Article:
• M-K

    Could someone please explain exactly what the 1-4% means? If we share 98+% of our genes with chimps, then early modern H.S. undoubtedly shared 99+% with H.S.N. The difference between the two subspecies would be less than 1%. So are we talking about 1-4% of <1%? (I suspect it's more complicated.)

    By the way, your links aren't working. I also had a lot of problems getting here from Google News, which listed this post but linked to a File Not Found.

    And thank you for breaking this news.

  • http://blogs.discovermagazine.com/gnxp Razib Khan

    1-4% of ancestry is neandertal.

  • Bill C

    I’m just guessing, but the 1-4% figure may take as its base the portions of DNA that are known to differ between modern humans. If that’s the case, then it would say, “One to four percent of DNA diversity in modern humans may be due to interbreeding with Neanderthals.” Most of the differences in the human genome are found among Africans because only a relatively small number of humans left Africa to populate the rest of the world. It’s ironic that in the process it looks like those that left picked up some unique genes of their own via interbreeding.

  • M-K

    This implies that admixture is higher in regions once inhabited by H.S.N (up to 4%) than in regions not inhabited by them (1% carried on from Middle East admixture).

    I still don’t understand how one could calculate the percent of ancestry as opposed to the percent of unique Neandertal genes.

  • Pingback: The Neandertal Genome & Us | Gene Expression | Discover Magazine

  • dave chamberlin

    Anyone else notice that the artists depictions of neanderthals have slowly changed from stupid brute monkey men to ruggedly handsome moderns with a protruding brow? Hmmm, I bet they get even more good looking now. Hawks promises all neanderthals all the time, I for one can’t get enough of it.

  • Pingback: 50 million Neandertals (genetically) | Gene Expression | Discover Magazine

  • Maciano

    Interesting. Thanks for sharing.

    - Is the amount of gene approximately between 1-4% among non-Africans?
    - Or do non-African populations have at least 1% Neanderthal genes and maximally 4%?

    Evolution is truly remarkable.

  • Eric Johnson

    This is one of those antipodes-of-”heard the learn’d astronomer” moments. I just walked five blocks to the pepsi machine, and I was shocked and amazed to observe some 400 of these neanderthal intergrades. Many of them carrying, or otherwise associated with, interesting artifacts. I’ll be submitting my data to PNAS first off.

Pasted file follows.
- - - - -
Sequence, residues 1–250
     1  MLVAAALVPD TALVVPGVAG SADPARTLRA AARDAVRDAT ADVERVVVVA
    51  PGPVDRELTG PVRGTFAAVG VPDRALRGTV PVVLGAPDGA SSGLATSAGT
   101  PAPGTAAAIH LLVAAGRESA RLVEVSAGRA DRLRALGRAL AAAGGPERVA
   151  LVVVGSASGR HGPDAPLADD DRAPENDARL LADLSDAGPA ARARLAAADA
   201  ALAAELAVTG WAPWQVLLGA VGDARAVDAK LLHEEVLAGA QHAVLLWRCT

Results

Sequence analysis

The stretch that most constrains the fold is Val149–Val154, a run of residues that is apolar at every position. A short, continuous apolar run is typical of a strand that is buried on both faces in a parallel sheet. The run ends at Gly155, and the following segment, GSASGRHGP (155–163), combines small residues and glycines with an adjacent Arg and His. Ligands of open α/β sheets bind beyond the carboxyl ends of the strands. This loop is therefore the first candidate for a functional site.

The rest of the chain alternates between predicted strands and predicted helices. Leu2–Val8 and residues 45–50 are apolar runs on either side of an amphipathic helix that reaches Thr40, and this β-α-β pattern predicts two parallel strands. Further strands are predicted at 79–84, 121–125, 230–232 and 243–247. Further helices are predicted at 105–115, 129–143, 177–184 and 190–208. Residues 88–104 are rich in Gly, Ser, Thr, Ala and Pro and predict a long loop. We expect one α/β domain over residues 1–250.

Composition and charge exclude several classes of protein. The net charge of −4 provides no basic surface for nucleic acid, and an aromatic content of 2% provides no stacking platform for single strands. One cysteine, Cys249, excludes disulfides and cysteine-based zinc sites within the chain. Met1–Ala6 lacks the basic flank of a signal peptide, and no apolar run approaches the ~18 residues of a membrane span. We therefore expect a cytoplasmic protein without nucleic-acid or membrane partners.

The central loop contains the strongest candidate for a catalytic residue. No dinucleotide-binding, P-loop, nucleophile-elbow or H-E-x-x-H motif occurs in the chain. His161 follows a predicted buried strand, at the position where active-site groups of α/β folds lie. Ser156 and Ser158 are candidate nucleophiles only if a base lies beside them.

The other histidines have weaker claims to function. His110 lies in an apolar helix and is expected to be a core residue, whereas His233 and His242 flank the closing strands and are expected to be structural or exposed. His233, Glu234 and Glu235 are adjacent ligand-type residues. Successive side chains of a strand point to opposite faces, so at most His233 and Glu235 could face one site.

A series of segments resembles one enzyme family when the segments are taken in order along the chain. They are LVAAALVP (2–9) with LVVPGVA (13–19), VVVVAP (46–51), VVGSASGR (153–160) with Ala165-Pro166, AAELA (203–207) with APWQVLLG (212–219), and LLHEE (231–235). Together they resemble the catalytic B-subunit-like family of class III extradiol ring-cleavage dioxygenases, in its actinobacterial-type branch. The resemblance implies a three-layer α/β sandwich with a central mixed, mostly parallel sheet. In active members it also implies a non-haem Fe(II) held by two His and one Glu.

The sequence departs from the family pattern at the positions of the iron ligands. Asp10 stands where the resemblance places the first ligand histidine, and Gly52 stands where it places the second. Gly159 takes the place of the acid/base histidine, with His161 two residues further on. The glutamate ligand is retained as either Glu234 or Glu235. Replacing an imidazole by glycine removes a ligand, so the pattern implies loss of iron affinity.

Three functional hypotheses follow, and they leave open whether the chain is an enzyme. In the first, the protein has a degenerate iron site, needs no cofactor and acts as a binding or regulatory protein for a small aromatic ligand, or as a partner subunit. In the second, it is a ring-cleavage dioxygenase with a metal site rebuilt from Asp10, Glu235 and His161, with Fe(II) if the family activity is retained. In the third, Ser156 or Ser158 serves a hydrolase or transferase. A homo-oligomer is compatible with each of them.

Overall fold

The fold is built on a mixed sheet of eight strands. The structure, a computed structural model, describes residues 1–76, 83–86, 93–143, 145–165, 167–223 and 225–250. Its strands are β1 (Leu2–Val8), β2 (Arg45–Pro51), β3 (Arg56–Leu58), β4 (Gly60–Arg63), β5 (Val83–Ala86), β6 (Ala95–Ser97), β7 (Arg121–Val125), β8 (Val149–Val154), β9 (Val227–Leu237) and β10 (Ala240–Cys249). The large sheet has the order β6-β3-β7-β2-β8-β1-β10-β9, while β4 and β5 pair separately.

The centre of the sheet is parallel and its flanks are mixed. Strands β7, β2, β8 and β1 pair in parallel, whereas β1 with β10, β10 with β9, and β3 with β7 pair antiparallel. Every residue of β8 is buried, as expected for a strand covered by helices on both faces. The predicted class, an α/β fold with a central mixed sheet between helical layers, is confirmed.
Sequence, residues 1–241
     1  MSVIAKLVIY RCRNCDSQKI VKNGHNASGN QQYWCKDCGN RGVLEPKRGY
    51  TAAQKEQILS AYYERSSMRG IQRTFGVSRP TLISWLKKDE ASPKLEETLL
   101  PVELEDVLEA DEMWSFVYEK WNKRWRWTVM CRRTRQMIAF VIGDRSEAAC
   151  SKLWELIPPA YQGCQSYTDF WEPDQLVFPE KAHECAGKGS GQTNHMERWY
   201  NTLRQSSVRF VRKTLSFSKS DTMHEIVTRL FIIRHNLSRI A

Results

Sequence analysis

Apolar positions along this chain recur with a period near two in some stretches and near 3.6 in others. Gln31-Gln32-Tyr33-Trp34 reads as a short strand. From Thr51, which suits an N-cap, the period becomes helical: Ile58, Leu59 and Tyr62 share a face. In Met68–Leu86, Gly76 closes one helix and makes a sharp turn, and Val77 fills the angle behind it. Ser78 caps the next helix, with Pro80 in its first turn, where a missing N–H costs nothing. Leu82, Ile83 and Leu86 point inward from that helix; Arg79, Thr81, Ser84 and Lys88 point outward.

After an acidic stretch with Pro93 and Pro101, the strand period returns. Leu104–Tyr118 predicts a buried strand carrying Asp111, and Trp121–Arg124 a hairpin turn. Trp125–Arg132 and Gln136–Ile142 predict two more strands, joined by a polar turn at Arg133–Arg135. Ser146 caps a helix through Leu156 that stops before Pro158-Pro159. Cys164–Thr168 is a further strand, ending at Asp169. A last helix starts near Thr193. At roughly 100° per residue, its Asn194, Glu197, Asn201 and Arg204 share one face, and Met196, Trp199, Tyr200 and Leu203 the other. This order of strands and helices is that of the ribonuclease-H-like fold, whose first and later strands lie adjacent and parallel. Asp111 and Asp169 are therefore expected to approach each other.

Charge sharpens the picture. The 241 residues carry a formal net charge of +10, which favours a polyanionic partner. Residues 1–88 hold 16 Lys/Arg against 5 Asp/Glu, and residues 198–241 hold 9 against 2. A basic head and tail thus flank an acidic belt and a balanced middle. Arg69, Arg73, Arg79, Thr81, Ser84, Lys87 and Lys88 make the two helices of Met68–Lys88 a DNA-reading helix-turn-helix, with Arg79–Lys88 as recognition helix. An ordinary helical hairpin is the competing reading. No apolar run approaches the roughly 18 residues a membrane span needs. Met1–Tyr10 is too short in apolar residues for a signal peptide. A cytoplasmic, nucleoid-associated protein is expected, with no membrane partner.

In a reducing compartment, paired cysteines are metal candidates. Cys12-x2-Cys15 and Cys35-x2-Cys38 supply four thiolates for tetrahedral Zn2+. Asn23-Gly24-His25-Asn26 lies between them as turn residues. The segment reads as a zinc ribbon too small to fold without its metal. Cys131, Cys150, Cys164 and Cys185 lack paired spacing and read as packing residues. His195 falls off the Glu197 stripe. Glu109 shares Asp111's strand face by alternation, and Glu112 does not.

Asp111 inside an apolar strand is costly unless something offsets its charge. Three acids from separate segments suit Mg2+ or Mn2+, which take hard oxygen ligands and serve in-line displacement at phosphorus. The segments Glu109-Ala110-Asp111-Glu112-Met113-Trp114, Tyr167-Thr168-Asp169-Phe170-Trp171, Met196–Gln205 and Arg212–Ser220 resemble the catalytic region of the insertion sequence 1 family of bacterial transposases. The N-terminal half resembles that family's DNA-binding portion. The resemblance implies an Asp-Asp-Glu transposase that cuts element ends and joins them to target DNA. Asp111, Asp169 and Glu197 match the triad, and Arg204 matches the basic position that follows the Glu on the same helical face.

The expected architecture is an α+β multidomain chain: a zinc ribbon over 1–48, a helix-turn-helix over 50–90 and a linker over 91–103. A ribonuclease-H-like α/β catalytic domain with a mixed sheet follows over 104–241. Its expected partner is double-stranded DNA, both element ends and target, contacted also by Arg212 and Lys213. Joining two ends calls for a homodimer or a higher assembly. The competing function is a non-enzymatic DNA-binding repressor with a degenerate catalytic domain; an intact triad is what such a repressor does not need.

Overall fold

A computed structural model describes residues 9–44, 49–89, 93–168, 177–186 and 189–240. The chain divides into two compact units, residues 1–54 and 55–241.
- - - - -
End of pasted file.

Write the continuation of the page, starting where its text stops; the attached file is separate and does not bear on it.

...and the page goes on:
• Dana

    pconroy: Just because you’re obviously unaware of the fact, there are still American Indians in the eastern United States. Let’s not get carried away when it’s obvious some of us haven’t been paying attention.

    More generally speaking: I’m not sure it matters that we carry Neanderthal DNA. Obviously those of us who do not directly hail from sub-saharan Africa can still intermarry with those who do, so the differences are not that important–more on the order of, say, golden Laboradors vs. black Labs rather than wolf vs. German Shepherd. Interesting only really in an academic sense, nothing really earth-shattering otherwise.

  • http://blogs.discovermagazine.com/gnxp Razib Khan

    . Interesting only really in an academic sense, nothing really earth-shattering otherwise.

    first, if someone is reading this weblog they’ll probably take offense at the idea that something which is interesting in an academic sense wouldn’t be earth-shattering (though among stupid people that makes sense as shorthand). second, as a scientific matter it’s a big, big, deal. mostly because of the homocentrism in biological science, and the perception among many until recently that neandertals were a separate dead-end and species qualitatively different.

    anyway, i can’t gainsay that it’s not that big of a deal for you. fine. but it is for someone like paul and me because of our interest in the topic of human evolution. if you think we’re getting carried away, that reflects on your values of course. there are people who think space exploration is boring and a waste of time. i can’t prove to them wrong it isn’t because the difference is one of values.

    p.s. as a quantitative fact it may be that most of the genetic material distinctive to eastern amerindians is now found among self-identified white people, though i haven’t crunched the numbers. paul’s not retarded, he obviously knows that there are plenty of native peoples around. he just thinks quantitatively.

  • Pingback: Human-Neanderthal Mating Left Its Mark in the Human Genome | JetLib News

  • Eric Johnson